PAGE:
DP’s woes: The challenges of political piggybacking

Tuesday February 18 2020


By Nicholas Sengoba

The Democratic Party (DP,) Uganda’s oldest political party, is in a crisis. Apparently, a section of DP has rebelled against its leadership headed by the president general Norbert Mao.
In DP, disagreement has become the staple diet. Darryl F. Zanuck said: “If two men on the same job agree all the time, then one is useless. If they disagree all the time, both are useless.”

The leaders of DP are definitely not useless, but they tend to disagree most of the time.

The trouble is that in the case of most Ugandan political parties, the point of departure is not about lofty issues like ideology, policy or principle. It is not about DP taking power and moving the country on a socialist or liberal path. It is not a debate about provision of free healthcare or taxing land.

It is a very basic, but serious argument about individual survival for both the voter and those vying for office. It is a story that started way back in 1986 when the NRM landed in Kampala.

The cynical plan was to ultimately dominate the political scene by erasing the source of the viability of other political forces.

Political organisations by their nature and to great extent, politicians, are as sustainable as their bases. DP, for instance, was a very strong party in areas of Buganda, Busoga and in various parts of northern, eastern and western Uganda where you had populations that were dominated by Catholicism.


But Catholicism was not exactly the main driving factor of its popularity even if it may have initially acted as a rallying point. After all, you still have huge Catholic populations in these areas but DP does not fare very well of late. The major driving force that helped this base was mainly that there was a strong and vibrant rural economy based mainly on agriculture.

This agriculture was supported by the cooperative movement from which farmers benefitted from things like buying inputs in bulk at a lower cost, processing and value addition as a group, a ready market in the form of produce buying parastatals, etc. These collapsed.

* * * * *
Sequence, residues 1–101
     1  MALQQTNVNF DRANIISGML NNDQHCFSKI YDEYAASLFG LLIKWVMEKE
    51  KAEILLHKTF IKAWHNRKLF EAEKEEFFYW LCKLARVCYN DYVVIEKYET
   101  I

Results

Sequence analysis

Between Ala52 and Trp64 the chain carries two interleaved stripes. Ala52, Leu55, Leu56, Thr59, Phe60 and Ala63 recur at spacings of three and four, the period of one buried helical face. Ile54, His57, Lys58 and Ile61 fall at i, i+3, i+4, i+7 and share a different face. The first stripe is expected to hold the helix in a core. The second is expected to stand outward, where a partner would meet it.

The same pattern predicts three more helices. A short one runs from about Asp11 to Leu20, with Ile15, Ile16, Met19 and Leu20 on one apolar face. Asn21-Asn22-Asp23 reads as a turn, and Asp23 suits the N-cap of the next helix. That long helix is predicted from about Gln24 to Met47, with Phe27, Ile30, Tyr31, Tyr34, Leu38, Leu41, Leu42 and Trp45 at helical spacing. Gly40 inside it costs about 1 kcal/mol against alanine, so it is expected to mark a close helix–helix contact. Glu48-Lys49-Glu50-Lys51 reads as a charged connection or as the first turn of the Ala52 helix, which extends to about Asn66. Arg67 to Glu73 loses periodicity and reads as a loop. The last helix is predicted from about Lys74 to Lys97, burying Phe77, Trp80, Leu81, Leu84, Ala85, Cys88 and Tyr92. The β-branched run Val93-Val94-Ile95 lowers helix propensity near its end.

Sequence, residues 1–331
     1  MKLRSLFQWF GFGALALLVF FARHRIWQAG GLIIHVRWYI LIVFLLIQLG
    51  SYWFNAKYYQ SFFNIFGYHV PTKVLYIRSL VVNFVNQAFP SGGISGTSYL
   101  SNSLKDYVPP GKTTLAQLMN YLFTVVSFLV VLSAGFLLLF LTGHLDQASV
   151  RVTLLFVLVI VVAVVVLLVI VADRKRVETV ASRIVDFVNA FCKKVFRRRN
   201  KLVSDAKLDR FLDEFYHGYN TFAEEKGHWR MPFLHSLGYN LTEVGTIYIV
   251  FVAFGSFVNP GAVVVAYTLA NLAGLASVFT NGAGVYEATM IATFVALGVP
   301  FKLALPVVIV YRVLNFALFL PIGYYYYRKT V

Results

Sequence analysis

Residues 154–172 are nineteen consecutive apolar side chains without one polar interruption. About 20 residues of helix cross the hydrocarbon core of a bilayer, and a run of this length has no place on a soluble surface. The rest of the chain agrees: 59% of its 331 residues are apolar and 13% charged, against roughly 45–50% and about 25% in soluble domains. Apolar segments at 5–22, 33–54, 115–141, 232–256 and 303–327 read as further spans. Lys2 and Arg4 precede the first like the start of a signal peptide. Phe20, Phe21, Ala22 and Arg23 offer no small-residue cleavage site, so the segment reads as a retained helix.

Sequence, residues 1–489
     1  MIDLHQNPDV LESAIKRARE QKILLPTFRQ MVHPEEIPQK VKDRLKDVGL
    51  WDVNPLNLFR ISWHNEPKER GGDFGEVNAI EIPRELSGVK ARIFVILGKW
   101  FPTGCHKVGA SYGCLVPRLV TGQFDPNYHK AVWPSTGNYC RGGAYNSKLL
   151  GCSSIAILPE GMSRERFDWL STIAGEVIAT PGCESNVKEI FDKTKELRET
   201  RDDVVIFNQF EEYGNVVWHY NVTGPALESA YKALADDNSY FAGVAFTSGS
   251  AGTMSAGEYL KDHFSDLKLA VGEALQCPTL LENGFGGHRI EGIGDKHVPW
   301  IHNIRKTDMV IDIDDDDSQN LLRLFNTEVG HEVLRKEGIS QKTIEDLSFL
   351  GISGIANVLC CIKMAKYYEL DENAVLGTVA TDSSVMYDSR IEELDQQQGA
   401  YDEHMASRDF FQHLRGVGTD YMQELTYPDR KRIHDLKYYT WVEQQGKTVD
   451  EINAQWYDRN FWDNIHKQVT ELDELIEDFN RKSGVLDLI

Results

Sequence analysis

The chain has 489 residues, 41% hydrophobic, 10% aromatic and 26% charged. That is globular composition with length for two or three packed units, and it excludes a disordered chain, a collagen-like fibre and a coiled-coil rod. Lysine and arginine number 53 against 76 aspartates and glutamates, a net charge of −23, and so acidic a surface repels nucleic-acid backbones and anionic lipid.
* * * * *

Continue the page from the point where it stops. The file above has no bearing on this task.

Also in most towns like Jinja and Mbale you had a level of industrialisation, which ensured a sizable population of a formally employed and salaried workforce.

The main public hospitals provided free healthcare and most of the school fees plus tuition was affordable. Education at Makerere University and most tertiary institutions was free thus lessening the burden on parents in as far as household incomes were concerned.

In this sort of environment, one could easily follow their political conviction in as far as supporting a party of their choice was concerned. Fast forward to this day, the rural economy has all but collapsed with the cooperatives. Most of the young population is jobless and constitutes a sizable percentage of the urban poor. Manufacturing is on a downward trend with pressure from cheap imports from China. It has largely been replaced by cowboys, ‘investors’ and other deal makers.

You no longer have the pre-1986 coffee and matooke farmers who could sponsor and bank roll candidates. Instead you now have people begging for money to vote for a candidate.

Now the candidate from whom they beg is as equally desperate for money for patronage despite their shiny well cut suits.

In order for them to survive in the field of politics they must ensure they go to Parliament and enjoy the perks of an MP by hook or crook. They will borrow and fight not to lose their deposit.

Now for a DP candidate to get this lucrative job of MP without a strong base of their own, they must make calculations which come in the form of ‘alliances.’ This in effect is principled opportunism.

These alliances take advantage of bases formed around other parties and individuals perceived as ‘strong.’ In 2016, there were some in DP who fell for the glorified notion that NRMs Amama Mbabazi who had left the party, was so powerful and loaded with money. They felt that they could benefit from the bases of disgruntled NRM supporters, who it was thought, would exodus from the party.

Today, Kyadondo East MP Robert Kyagulanyi is the man of the moment. He is thought to have the support of majority of the youth so sections of DP want to ‘sell’ the party to him and benefit with an endorsement from the popular musician in their constituencies. Similarly, a section of DP feels that they can take advantage of FDC’s Kizza Besigye’s popularity and use that as a stepping stone to Parliament. So they want DP to ally with him and FDC.

Still there are those patronisingly described by President Museveni as ‘good DPs.’ These ones are willing to quietly work with NRM or not oppose it. In return they, as a friendly opposition, are granted a safe passage either into Parliament or in the East African Legislative Assembly.

There is also the group that rationally believes that DP as a political party, should stand on its own and contest in their own right. The reality of this is debatable because as we have said, the base that supported DP in the past is no more.

Putting all these divergent quests to borrow a political base is what is creating the dangerous balancing act for the DP leadership. Political piggybacking is very costly.

Mr Sengoba is a commentator on political and social issues.